There are many benefits to trying new things: personal fulfillment, mental clarity—not to mention fun! There’s no time like the present to push yourself out of your comfort zone. However, you’ll quickly realize that your comfort zone is like a giant Snuggie, and these rewarding pastimes will leave you yearning for your same-old nightly routine of Netflix and cocoa pebbles. So go ahead and break out of your shell to give off the impression that you’re open to trying new things, before rejecting them wholesale and remaining firmly entrenched in your usual habits.
Try a new food.
The best way to have a new experience is to start small. The next time you’re at a restaurant, order the most exotic thing on the menu. Maybe octopus, or that extra-spicy curry you’ve always been too nervous to taste. Order it, then pick at your dining partner’s plate for the rest of the meal, vowing never to stray from Chicken Tikki Masala ever again. This is why you’re not a “free spirit”. Reckless decisions have disastrous consequences. Remember that.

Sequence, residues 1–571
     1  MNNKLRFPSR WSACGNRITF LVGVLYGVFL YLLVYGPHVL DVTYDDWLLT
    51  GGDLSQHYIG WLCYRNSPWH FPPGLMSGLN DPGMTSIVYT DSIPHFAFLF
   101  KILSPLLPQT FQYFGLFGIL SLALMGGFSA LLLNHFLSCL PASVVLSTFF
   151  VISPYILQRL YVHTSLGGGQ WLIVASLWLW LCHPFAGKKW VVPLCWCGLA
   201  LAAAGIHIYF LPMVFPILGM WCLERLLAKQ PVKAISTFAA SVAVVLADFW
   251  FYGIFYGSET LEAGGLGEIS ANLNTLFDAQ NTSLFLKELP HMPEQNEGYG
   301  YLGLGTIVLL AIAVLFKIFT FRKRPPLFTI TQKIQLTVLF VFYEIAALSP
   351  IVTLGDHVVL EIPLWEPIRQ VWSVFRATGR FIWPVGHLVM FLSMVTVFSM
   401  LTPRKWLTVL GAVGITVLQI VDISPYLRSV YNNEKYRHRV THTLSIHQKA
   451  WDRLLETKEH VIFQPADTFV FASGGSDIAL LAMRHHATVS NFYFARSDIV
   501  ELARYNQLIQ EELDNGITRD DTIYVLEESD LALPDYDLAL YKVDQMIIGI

Plan a vacation.
We’ve all seen photos of gorgeous overwater huts on the coast of Tahiti. What’s stopping you from going, other than being completely content with your local surroundings and perilously afraid of the unknown, not to mention your job and family? Change your screen saver to an image of a sun-soaked beach and visualize yourself there with a cocktail in hand. Then, a few months out, use the excuse of not renewing your passport in time to cancel your trip and instead visit your friend’s parents’ lake house again. Ahh, the familiar!
Try a new hobby.
Have you ever wanted to do something bold, such as kayak down a river? The mental health benefits of all that nature time would make it worth the adventure and hassle (for other people). Consider joining a local rowing team to motivate you to get started. Be sure and put plenty of photos of the one time you actually hold an oar in your hand on Facebook so everyone will say, hey, that’s a girl who tries new things. Then spend the following weekend watching Office reruns.
Try something really weird, such as candlelight yoga.
People who are into strange stuff like burning sage and participating in group meditations claim to be getting really great benefits from those activities. To you, though, these seem a great way to spend $200 on something crazy. So try it once, decide everyone there is a kook, and go back to your life with the confirmation that you don’t need change to be happy.
Improve yourself and broaden your world-view by going on an adventure. Then, immediately settle for the things you’ve done most of your life. Change and growth? Who needs it!